If you're interested in gels then you'll probably need to buy some ingredients. It can be hard to make sense of all the ingredients - a lot of them only work in certain situations, etc. Many are non-substitutable. I've found that I've collected quite the library of these ingredients, but a few important ones that come to my mind with regard to MC are Agar, Xanthan gum, Carageenans, Gellans, Guar Gum, and Locust Bean Gum. There are many many more obviously, but I always seem to be coming back to those ones...


Edited by Baselerd (log)

Share this post


Link to post
Share on other sites

By far without a doubt in my mind you need a Sous Vide setup if you want to cook out of the Modernist Cuisine. If you skim through the book, you'll realize that most of the recipes use sous vide. As such, I would imagine it would be disappointing to lack that ability. I also strongly feel that of all the new techniques introduced in the book, sous vide has the most dramatic and practical improvements over standard cooking. Since getting into MC and SV, I've mostly been cooking meats in the sous vide for almost any recipe from any source.

The ISI whip is a lot of fun, but definitely secondary to the Sous Vide equipment. Personally, I would go for a pressure cooker before a whipping siphon.

If you're interested in gels then you'll probably need to buy some ingredients. It can be hard to make sense of all the ingredients - a lot of them only work in certain situations, etc. Many are non-substitutable. I've found that I've collected quite the library of these ingredients, but a few important ones that come to my mind with regard to MC are Agar, Xanthan gum, Carageenans, Gellans, Guar Gum, and Locust Bean Gum. There are many many more obviously, but I always seem to be coming back to those ones...

Not questioning the value of the sv setup (although reading through the books, I'm fairly certain that in a number of instances, other methods would yield at least very similar results), but as I noted in the OP, it's just out of the question, at this time: I've no room to set it up, which is the reason I'm focusing on the smaller items (e.g. measuring devices, tools that produce interesting shapes/textures).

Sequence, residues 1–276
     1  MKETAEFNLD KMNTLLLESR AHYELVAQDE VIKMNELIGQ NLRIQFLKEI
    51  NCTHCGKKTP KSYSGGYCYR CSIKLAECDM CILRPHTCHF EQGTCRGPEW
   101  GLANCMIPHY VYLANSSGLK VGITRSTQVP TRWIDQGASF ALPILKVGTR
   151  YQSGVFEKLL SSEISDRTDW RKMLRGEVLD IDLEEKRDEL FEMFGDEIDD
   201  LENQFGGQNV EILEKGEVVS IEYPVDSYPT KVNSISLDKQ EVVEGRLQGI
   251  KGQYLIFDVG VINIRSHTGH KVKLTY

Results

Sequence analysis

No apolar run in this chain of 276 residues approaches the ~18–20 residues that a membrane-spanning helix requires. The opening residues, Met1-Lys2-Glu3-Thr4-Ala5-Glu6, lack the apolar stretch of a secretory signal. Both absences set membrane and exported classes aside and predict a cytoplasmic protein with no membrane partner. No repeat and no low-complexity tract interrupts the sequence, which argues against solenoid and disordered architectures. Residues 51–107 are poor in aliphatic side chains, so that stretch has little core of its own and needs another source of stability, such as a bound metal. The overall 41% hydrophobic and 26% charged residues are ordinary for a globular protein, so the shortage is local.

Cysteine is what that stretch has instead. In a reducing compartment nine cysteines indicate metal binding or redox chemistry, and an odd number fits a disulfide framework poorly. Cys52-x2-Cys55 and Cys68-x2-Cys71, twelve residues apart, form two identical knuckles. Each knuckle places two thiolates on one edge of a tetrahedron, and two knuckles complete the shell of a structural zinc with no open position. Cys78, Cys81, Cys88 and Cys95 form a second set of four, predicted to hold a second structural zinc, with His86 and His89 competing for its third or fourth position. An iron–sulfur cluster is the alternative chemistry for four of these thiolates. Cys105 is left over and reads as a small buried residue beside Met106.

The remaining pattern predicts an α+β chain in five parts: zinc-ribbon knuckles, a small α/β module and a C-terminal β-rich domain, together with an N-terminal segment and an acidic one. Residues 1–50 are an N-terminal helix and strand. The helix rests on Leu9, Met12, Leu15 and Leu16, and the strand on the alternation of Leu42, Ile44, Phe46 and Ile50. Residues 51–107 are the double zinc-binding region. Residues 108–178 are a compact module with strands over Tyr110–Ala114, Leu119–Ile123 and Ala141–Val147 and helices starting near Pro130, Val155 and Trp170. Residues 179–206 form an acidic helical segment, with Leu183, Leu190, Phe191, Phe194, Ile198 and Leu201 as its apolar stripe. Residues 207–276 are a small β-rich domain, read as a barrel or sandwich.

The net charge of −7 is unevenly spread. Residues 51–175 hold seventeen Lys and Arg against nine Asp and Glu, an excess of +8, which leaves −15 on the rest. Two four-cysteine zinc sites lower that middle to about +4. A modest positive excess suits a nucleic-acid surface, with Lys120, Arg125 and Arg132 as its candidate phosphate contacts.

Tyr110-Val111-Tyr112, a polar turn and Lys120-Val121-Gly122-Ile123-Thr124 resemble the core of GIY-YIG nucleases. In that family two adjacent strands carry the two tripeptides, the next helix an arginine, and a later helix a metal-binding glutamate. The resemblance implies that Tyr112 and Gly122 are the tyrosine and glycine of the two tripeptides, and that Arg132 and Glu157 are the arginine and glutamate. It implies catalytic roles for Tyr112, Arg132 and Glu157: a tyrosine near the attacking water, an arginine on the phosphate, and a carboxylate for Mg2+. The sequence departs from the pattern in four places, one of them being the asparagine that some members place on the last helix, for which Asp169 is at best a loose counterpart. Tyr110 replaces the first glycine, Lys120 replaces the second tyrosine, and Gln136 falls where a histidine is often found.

I have some gelling agents (xanthan gum, agar), and I definitely appreciate your short list.


Michaela, aka "Mjx"
Manager, eG Forums
mscioscia@egstaff.org

Share this post


Link to post
Share on other sites

The use of moulds appears all over the place in Modernist Cuisine, but their capacity and shape are often unspecified. I'concluded that this means that the volume and shape don't have a significant effect on the result, but are there any shapes/sizes that you've found particularly useful?


Michaela, aka "Mjx"
Manager, eG Forums
mscioscia@egstaff.org

Share this post


Link to post
Share on other sites

1" and 1/2" cube flex molds are very useful for a lot of their recipes, such as the fried custards, puddings, and sauces. Most of the set gels and foams can be done in whichever mold you want, it's really just for aesthetic value. I would note that a lot of the recipes are fragile and I've damaged more than my share of set foams trying to remove them from non-flexible molds.

Share this post


Link to post
Share on other sites

I've been thinking about this all day, I started with an empty kitchen 4 years ago and have been slowly picking up bits and pieces- and I know what it's like to live with a tiny kitchen.